In a way, the story of the journey of Arda Viraf demystifies the spiritual journey as well. And it does so by re,mystifying the common virtues of thought word and deed. When it gets right down to it, the basic element that every religion or guru, or system or doctrine share, is that our lives are comprised of thought word and deed and by these things we grow and prosper, or wither and decay. Sounds pretty basic and even a little boring doesn't it?
Well, to a degree that is just the point. Living a religious or spiritual life is just in striving after thought that is beneficial and generous, words that are helpful and unifying and deeds that are liberal and healing. To re-mystify these deeply mundane virtues is my hope today. It is salvation.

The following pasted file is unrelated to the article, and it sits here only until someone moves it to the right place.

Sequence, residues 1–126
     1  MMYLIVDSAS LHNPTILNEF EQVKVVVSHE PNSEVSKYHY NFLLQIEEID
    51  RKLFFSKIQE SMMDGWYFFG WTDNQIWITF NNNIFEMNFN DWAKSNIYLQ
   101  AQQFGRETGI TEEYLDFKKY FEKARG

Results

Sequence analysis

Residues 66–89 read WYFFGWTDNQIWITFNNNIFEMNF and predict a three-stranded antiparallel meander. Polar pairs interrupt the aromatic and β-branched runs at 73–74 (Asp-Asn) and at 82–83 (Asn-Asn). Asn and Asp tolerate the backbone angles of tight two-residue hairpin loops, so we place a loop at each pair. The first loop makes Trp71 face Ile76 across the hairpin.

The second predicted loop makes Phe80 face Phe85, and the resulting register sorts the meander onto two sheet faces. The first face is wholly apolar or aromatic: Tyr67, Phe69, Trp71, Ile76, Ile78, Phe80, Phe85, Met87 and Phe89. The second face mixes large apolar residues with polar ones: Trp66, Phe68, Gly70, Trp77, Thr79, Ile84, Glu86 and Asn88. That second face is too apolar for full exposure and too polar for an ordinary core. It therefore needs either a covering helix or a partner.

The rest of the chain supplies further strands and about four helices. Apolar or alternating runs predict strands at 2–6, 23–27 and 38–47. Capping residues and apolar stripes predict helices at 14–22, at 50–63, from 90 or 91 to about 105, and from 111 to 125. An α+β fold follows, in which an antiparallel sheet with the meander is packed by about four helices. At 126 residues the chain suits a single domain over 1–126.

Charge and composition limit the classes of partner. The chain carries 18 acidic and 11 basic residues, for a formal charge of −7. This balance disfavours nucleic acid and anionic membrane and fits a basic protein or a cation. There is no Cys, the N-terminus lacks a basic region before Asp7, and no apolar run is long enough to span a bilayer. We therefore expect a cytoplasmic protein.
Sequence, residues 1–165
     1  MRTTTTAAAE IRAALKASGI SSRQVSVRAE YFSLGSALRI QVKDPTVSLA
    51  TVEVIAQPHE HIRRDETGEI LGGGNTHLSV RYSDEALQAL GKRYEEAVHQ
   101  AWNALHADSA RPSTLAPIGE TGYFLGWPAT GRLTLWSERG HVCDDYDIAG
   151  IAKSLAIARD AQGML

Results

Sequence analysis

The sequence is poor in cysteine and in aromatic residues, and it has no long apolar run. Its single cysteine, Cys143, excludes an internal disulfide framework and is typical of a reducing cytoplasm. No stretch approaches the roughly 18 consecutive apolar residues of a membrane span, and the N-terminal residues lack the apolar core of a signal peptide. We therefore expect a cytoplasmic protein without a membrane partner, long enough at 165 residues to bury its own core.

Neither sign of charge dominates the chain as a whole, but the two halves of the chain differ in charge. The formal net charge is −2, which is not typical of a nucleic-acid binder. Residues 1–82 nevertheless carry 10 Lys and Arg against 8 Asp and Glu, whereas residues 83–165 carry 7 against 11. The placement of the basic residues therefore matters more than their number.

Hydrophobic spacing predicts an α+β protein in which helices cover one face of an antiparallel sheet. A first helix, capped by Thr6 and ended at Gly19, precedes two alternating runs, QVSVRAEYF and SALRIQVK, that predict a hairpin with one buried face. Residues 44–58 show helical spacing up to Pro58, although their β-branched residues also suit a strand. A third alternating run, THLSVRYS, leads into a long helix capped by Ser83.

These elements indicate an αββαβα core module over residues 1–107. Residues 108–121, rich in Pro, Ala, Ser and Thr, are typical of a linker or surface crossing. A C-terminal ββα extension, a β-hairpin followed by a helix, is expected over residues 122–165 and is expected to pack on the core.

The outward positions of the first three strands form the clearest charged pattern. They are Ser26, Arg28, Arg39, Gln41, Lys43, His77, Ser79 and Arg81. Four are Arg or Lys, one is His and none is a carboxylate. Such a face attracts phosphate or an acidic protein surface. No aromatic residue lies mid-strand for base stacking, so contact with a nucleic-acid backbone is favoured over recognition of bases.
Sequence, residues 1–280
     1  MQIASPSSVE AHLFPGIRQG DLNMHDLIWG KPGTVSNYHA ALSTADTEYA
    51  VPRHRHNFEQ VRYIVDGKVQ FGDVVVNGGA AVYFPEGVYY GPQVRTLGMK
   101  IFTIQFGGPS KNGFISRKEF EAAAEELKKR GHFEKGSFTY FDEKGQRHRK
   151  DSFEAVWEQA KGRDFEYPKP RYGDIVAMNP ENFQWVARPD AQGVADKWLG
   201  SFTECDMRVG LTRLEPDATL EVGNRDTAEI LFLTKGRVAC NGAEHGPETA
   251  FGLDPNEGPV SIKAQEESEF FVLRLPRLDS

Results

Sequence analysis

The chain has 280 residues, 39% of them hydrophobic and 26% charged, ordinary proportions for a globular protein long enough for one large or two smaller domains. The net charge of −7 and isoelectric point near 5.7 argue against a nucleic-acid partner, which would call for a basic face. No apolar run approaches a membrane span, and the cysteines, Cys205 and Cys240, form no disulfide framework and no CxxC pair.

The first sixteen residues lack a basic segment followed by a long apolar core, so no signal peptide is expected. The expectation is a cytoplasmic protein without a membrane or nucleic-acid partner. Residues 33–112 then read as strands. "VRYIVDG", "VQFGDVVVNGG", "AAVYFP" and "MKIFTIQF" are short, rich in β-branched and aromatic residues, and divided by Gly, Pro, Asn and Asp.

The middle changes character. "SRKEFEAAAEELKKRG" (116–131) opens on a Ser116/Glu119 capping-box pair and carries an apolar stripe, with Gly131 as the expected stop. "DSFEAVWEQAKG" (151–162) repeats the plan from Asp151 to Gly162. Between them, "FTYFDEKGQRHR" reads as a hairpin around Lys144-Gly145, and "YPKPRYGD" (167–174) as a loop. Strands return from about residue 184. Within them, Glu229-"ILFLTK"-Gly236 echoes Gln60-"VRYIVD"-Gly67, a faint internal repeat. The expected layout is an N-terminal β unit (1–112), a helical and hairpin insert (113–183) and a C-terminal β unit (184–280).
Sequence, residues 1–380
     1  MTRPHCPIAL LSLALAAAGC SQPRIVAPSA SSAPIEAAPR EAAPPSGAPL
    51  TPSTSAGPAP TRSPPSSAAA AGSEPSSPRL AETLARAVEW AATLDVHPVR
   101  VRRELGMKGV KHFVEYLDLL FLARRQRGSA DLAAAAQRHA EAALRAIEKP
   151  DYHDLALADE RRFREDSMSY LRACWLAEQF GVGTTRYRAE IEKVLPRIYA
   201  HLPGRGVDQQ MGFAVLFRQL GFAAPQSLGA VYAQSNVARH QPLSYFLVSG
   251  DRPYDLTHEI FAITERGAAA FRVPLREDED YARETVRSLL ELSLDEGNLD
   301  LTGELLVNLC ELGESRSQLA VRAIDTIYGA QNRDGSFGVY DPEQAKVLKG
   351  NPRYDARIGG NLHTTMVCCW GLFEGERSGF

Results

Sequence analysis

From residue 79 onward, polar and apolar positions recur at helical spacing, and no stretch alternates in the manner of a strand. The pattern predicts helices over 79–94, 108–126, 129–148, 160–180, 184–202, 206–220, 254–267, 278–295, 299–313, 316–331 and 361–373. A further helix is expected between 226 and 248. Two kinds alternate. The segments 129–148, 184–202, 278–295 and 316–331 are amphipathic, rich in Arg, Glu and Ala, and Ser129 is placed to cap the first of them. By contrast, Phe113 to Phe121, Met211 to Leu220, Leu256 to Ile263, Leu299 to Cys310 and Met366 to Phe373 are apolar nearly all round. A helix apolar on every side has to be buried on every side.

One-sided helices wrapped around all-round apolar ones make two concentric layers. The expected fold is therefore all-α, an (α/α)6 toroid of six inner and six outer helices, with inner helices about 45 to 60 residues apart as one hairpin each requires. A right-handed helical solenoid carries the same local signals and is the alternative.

The Unitarian minister Cyrus Bartol, in explaining St. Paul's exhortation that we all must work out our own salvation said "For it is not to be doubted, that all people have moral ideas ever in the ascendant of their actual lives...'Thou art capable of something purer, nobler, infinitely better, than thou has become.' And what are these but the Spirit that must not be quenched, -the Divinity that should not be resisted?"The truth IS in the struggle, it is in the journey. It is within us if we but have the vision to see and the courage to take that journey with good thoughts, good words, and good deeds. Have you been saved?